Song of Solomon 1:1

An introduction of Solomon's ideal allegory of love, in both its physical and spiritual aspects. McGee gives an explanation before we get into the study of this poem.

Ecclesiastes 12:1-14

Solomon describes the onset of old age, and comes to the conclusion: fear God, keep his commandments, and do it as soon as possible. Get with God as early in life as you can.

Ecclesiastes 10:11-11:10

Solomon tries to discover how the average person would seek meaning through following the moral line. There is a way that seems right to a man, but if it is traveled without God and His word, it leads to death.

Ecclesiastes 9:10-10:10

More of Solomon's investigation, discovering all about life, and how it comes up short if life "under the sun" is only lived without God.

Ecclesiastes 9:1-14

Wise old Solomon has some thoughts about our ultimate destination, death. And he approaches it from the standpoint of an earthly man who is living his life carelessly, without God.

Ecclesiastes 7:1-8:17

Here, Solomon, perhaps the wisest man who lived in his day, compares the earthly "do-gooder" who is working his own way to heaven, versus the one who trusts Christ the King of Kings.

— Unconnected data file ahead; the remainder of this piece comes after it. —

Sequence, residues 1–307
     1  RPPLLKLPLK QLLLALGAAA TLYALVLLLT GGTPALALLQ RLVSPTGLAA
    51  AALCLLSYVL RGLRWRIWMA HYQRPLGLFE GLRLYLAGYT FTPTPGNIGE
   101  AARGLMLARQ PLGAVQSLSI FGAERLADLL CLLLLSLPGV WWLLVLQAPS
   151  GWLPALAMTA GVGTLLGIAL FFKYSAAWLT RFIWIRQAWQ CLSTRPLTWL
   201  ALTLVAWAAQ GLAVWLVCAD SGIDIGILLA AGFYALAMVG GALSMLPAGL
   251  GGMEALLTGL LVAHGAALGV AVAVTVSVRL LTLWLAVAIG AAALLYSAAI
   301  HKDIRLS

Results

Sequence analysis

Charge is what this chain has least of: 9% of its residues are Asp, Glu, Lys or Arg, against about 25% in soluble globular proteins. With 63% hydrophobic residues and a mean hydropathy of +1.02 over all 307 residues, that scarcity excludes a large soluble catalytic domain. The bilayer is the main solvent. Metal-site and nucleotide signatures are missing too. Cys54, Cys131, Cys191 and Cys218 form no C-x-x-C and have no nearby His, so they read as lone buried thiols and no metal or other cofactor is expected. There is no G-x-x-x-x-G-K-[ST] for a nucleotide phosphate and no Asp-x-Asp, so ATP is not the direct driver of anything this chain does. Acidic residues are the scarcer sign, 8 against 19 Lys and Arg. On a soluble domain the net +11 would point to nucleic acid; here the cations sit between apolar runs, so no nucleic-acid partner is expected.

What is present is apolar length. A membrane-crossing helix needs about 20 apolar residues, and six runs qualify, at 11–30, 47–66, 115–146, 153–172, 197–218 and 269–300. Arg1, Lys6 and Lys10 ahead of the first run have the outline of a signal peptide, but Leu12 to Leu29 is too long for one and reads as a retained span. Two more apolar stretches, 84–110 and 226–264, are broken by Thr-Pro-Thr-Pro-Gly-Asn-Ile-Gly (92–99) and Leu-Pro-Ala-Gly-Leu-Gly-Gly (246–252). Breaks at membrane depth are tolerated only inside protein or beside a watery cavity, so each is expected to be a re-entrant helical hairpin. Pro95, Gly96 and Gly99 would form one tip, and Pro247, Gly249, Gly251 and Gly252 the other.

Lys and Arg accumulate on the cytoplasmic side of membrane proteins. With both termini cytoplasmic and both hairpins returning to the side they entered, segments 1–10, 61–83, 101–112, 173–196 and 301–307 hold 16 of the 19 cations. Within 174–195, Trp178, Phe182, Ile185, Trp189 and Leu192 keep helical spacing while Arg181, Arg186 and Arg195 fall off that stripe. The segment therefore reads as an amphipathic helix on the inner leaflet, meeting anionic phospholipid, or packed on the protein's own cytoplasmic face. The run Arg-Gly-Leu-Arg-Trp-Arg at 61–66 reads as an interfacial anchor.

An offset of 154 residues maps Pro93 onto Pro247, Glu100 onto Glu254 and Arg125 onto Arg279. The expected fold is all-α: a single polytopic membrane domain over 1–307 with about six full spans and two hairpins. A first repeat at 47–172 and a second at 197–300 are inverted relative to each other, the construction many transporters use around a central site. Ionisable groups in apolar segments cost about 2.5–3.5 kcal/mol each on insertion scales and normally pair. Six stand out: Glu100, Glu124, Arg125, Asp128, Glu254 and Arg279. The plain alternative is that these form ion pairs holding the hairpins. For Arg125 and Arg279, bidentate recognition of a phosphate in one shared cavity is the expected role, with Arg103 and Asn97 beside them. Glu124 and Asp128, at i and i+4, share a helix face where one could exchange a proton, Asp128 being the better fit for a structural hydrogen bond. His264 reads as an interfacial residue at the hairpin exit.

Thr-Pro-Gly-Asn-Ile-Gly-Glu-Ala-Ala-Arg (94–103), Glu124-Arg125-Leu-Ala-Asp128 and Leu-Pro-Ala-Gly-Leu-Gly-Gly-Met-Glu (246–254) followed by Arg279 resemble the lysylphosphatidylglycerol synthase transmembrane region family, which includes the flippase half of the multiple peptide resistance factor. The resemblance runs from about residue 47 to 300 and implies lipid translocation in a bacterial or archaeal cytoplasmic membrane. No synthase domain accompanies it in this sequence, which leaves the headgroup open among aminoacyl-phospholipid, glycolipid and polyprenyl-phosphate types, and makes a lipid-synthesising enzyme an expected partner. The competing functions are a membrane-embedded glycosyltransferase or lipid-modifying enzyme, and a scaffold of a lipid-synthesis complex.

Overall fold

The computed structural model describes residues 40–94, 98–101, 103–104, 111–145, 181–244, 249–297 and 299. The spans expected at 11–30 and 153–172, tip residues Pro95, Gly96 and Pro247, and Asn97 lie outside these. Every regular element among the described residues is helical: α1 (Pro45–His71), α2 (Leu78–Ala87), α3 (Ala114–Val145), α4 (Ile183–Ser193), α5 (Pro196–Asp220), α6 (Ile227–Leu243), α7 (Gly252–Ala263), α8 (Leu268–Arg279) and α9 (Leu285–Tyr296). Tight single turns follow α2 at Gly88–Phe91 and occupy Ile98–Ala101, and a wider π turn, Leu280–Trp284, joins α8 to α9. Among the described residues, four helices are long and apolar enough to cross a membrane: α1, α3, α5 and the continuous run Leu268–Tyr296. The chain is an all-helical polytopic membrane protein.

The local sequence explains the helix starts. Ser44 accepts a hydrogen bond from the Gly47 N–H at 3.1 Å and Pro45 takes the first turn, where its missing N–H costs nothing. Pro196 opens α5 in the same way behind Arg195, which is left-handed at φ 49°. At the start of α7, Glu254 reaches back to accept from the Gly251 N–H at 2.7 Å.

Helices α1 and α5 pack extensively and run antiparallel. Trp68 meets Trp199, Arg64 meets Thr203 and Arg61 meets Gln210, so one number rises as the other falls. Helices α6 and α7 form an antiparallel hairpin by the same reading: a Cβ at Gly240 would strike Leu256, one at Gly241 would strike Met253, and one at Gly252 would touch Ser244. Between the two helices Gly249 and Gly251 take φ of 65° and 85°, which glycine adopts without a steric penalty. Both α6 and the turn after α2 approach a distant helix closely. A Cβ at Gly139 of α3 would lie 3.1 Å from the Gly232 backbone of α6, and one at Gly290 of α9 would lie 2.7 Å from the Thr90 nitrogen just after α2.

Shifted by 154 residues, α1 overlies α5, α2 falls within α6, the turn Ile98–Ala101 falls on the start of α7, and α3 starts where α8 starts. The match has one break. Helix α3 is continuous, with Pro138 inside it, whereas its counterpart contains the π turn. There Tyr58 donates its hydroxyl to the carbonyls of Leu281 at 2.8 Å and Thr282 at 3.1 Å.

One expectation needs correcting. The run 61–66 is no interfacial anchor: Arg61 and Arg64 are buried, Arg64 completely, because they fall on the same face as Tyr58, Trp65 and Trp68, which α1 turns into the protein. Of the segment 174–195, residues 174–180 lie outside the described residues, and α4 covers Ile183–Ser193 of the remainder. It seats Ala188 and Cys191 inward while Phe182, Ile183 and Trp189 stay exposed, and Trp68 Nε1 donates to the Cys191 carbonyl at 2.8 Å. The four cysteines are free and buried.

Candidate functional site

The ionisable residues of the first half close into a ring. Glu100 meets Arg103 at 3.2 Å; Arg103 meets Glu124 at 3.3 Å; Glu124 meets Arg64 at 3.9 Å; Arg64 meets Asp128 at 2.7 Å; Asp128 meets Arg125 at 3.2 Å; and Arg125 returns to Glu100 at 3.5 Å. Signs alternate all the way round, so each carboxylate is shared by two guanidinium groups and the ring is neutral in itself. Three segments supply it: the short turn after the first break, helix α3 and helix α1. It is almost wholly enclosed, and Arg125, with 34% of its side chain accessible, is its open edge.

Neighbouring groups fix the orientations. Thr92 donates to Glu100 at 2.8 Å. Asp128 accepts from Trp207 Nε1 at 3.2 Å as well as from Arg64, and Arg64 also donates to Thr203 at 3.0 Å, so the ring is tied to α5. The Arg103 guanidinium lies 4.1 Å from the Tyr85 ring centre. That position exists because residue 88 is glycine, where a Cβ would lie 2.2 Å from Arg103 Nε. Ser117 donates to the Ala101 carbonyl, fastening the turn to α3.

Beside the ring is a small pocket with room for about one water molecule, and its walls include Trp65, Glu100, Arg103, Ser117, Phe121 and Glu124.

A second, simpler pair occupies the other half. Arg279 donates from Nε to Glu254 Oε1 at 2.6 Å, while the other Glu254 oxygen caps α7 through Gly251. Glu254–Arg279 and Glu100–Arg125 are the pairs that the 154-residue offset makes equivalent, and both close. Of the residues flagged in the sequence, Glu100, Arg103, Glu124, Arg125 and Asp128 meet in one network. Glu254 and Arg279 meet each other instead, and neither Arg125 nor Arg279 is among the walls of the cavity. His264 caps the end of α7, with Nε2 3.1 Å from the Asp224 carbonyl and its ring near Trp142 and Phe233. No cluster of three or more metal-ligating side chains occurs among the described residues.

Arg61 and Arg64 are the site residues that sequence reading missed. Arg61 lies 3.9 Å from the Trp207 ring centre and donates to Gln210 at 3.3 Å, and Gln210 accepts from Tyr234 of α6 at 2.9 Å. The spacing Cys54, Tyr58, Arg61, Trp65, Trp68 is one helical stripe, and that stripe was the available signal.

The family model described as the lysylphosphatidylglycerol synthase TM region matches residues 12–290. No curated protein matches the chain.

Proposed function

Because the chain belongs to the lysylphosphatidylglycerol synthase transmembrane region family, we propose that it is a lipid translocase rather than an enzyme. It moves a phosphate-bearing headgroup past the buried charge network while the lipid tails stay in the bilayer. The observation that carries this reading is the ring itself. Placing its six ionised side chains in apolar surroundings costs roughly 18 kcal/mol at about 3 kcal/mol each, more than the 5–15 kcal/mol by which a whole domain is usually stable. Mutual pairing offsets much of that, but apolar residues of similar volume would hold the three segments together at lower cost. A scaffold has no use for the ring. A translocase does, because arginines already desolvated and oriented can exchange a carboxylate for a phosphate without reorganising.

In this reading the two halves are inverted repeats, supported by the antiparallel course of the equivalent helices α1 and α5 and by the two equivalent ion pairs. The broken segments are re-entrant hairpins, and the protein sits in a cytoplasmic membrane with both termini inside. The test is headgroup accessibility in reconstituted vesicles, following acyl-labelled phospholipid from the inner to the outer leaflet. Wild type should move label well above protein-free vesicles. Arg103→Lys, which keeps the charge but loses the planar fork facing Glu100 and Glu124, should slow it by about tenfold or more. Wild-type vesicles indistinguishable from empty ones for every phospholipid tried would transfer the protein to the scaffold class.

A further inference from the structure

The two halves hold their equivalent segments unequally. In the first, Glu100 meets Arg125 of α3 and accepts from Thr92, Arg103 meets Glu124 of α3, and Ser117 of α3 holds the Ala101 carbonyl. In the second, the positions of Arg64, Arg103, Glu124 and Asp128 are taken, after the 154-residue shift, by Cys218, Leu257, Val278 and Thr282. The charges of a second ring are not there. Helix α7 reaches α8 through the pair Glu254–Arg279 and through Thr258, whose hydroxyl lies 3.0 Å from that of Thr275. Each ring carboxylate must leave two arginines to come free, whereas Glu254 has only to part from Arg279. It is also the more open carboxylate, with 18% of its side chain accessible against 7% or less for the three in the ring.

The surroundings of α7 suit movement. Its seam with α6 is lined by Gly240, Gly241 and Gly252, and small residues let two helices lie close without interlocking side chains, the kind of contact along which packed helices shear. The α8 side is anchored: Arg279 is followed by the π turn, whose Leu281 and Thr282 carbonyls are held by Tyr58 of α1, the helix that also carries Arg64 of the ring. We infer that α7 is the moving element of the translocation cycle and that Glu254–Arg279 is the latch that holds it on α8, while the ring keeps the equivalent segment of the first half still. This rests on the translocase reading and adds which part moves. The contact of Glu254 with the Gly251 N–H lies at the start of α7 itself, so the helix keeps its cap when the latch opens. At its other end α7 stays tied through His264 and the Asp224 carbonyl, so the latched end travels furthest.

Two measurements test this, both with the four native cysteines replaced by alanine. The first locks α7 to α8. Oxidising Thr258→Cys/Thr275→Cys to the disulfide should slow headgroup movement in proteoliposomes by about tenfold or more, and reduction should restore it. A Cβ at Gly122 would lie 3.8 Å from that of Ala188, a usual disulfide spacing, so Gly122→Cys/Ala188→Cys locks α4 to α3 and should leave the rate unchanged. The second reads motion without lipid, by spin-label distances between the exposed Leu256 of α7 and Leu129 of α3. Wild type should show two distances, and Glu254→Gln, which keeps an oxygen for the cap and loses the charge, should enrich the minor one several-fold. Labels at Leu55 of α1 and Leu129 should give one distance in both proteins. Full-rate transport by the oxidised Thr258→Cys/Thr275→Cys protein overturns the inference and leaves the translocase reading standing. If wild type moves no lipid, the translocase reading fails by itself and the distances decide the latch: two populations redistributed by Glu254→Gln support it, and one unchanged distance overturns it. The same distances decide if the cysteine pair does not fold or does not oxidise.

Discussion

Ecclesiastes 5:7-6:12

Solomon, the richest man of his day, had the opportunity to try everything, to see if any of it brought lasting happiness. He found that even fame and fortune does not give man lasting joy.

Ecclesiastes 4:9-5:6

Solomon experiments to find what is truly meaningful. He has discovered that selfishness does not do it; two are better than one.

Ecclesiastes 3:1-4:9

Solomon takes a look at the false view of fatalism, "whatever will be will be." He also notes the meaninglessness of living for pleasure alone, and the philosophy of grabbing all the gusto you can before you die.

Ecclesiastes 2:11-3:1

Solomon investigated the value of work, and living wisely. He discovered that all the good works that men can do, amounts to a dead end street.

Ecclesiastes 1:15-2:10

Old Solomon was quite a student, and spent much time discovering that education, in and of itself, will always come up short, and pleasure also will not satisfy the human heart.

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